Posted By: Evelyn Mantegani, Senior Specialist, Marketing and Communications, ASHG
Despite not being able to enter the classroom, Ellen Quillen, PhD found a way to continue her relationship with an AP Biology class she connected with through the GENE Network. Initially contacted in 2019 by teacher Leah Cataldo, PhD, Dr. Quillen met for the second year with Dr. Cataldo’s AP Biology class, this time through Zoom from each students’ home. Dr. Cataldo had integrated a TED Talk about skin color by Nina Jablonski, PhD into her curriculum and wanted Dr. Quillen, who had previously published a paper with Dr. Jablonski, to provide insight from a genetics perspective. During their discussion, Dr. Quillen discussed her path to becoming a scientist, reviewed alternative scientific careers, walked through scientific slides she prepared, and spent the rest of the time having a ‘Question and Answer’ with the class. In addition, she highlighted the importance of choosing a college that best fits a students’ needs and career goals. She related this to her quick pivot from a small liberal arts school to a public state school. This pivot set her up to apply to her graduate school program and continue on the path towards her goal of becoming a scientist. As she put it, “Not every great school is great for the direction in which you want to go.” Dr. Quillen’s experience with this AP Biology class may provide ideas for GENE members to connect with classrooms near and far using virtual resources. She even remarked that the discussion went seamlessly, perhaps in part because students are used to using video chats to learn. Her visit demonstrates how blending scientific facts with a personal narrative seeds a valuable conversation which shows students how they can take their next steps to a science career. In addition to this GENE Network activity, she has participated in public engagement and education programs at her post doctorate institution in Texas, teacher training, and speaks at her local non-profit bookstore about the epic history of human pigmentation.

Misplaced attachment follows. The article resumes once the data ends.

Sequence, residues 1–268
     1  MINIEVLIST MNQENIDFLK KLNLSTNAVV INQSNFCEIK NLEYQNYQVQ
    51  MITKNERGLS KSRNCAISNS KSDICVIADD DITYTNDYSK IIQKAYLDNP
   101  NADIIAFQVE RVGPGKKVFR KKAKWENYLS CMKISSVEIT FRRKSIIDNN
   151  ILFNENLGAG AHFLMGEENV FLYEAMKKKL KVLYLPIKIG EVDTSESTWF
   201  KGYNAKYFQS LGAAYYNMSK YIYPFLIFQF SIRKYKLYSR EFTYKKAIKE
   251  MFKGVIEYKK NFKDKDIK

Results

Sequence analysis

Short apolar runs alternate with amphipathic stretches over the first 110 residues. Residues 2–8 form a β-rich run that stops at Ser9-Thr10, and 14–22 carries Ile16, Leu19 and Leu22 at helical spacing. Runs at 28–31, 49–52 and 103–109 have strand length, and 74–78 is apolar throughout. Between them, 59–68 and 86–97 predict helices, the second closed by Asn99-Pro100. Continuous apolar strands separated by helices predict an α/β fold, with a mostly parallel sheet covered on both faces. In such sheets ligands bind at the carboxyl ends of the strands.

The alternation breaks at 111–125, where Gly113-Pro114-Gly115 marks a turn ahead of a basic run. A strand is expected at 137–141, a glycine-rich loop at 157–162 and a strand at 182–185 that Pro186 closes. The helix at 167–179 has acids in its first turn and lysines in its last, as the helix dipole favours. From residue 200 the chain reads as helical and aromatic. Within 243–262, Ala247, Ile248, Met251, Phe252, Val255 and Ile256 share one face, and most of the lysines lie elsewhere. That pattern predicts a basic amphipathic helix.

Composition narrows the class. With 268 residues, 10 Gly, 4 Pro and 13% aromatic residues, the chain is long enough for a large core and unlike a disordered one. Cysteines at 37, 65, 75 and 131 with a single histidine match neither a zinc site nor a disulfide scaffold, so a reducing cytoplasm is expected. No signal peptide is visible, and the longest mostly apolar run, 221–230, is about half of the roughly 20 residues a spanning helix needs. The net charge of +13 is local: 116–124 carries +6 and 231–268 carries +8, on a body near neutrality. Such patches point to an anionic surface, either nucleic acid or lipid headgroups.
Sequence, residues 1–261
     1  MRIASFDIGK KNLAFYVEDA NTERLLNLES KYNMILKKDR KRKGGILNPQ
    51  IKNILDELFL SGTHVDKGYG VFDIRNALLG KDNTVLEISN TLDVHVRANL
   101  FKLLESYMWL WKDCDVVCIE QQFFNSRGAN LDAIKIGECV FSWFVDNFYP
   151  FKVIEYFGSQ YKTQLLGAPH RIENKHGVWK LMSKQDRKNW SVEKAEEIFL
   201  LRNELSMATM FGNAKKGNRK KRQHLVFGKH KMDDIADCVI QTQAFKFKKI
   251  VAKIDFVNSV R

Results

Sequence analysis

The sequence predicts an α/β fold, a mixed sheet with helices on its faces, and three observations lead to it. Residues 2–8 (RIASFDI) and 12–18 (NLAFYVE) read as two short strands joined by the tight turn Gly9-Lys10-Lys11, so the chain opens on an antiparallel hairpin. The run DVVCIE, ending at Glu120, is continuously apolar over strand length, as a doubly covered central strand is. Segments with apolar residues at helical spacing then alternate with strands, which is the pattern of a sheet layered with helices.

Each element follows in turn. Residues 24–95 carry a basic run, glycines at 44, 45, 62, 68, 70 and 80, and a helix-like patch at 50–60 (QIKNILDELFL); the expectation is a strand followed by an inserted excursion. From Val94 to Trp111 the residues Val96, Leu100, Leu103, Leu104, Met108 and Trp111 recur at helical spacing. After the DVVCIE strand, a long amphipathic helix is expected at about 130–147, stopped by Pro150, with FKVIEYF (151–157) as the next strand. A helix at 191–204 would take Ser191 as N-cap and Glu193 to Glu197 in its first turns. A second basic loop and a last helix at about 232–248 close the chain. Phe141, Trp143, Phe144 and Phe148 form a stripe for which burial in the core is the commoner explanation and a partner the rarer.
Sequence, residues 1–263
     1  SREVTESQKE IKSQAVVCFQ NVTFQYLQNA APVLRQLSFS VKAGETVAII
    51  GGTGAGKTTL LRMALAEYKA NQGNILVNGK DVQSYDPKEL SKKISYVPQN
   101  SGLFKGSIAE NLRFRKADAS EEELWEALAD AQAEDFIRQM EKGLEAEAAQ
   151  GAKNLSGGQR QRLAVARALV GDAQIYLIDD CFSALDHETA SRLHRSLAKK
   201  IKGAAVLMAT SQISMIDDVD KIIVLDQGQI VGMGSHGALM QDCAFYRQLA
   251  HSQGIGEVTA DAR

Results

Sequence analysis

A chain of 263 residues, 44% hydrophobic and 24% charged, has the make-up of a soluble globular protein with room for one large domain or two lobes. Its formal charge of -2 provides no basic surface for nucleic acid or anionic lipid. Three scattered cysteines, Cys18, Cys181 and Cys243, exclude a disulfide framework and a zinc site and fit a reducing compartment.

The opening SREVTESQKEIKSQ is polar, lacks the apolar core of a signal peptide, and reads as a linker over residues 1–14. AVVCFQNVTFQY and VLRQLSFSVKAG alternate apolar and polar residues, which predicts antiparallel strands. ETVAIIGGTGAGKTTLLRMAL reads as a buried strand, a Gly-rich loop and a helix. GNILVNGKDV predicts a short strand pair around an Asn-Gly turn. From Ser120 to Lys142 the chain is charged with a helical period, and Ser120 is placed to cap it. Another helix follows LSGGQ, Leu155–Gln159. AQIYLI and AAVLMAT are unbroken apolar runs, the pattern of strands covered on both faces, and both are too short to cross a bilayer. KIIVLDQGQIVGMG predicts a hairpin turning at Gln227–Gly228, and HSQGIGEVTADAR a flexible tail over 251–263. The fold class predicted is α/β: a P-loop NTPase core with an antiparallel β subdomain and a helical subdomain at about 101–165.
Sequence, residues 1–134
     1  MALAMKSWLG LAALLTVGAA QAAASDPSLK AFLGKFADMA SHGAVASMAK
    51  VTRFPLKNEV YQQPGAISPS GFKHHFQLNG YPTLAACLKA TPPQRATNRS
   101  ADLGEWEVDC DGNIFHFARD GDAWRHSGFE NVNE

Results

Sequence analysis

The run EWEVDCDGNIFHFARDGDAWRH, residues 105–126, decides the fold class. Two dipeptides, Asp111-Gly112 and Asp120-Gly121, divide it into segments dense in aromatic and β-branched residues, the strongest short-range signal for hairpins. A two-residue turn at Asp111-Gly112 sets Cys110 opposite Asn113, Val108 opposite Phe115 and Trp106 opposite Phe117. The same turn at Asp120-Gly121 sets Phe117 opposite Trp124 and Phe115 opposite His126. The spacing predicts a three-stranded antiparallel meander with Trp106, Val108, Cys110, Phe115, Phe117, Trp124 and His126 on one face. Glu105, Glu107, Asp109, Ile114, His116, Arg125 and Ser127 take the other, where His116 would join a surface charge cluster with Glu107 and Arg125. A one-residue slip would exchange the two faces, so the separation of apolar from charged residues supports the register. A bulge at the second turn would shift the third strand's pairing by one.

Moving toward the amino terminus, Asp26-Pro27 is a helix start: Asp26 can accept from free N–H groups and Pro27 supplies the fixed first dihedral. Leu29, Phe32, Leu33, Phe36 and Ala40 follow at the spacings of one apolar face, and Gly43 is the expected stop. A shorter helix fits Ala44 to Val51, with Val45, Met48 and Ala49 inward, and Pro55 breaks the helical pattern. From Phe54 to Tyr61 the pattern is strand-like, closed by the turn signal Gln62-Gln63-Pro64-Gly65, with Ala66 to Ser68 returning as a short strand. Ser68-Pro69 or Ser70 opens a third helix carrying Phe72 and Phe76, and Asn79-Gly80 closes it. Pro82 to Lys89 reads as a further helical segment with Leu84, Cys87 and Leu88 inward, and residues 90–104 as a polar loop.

ASHG: How did you begin in public education and engagement?
Dr. Quillen: I started in undergraduate and then graduate school. Girl Scouts would visit our labs and receive badges based on what they did. I was then lucky to be at a series of institutions which provided public education and engagement opportunities and emphasized that education should not solely be for people inside the walls of the respective institutions. Because of this, I was able to step into existing structures and was then able to seek out additional opportunities, such as giving continuing education talks to teachers. Epigenetics was a major topic for these continuing education talks, which isn’t often covered in textbooks but is relevant for students. When I began connecting with communities, it was sometimes nerve-wracking not knowing if I would get pushback on my science. Fortunately, I’ve never had that experience and my experiences have all been very positive. There’s so much thirst for scientific content from all levels of people, from elementary school to retirees. Sharing scientific information with these groups allows me to take a step back and realize that what makes them excited is what made me excited when I began my interest in science. It brings some of the wonder back. It’s also important to combat some of the deterministic ideas some people have about genetics. Those initial understandings need nuance brought to them.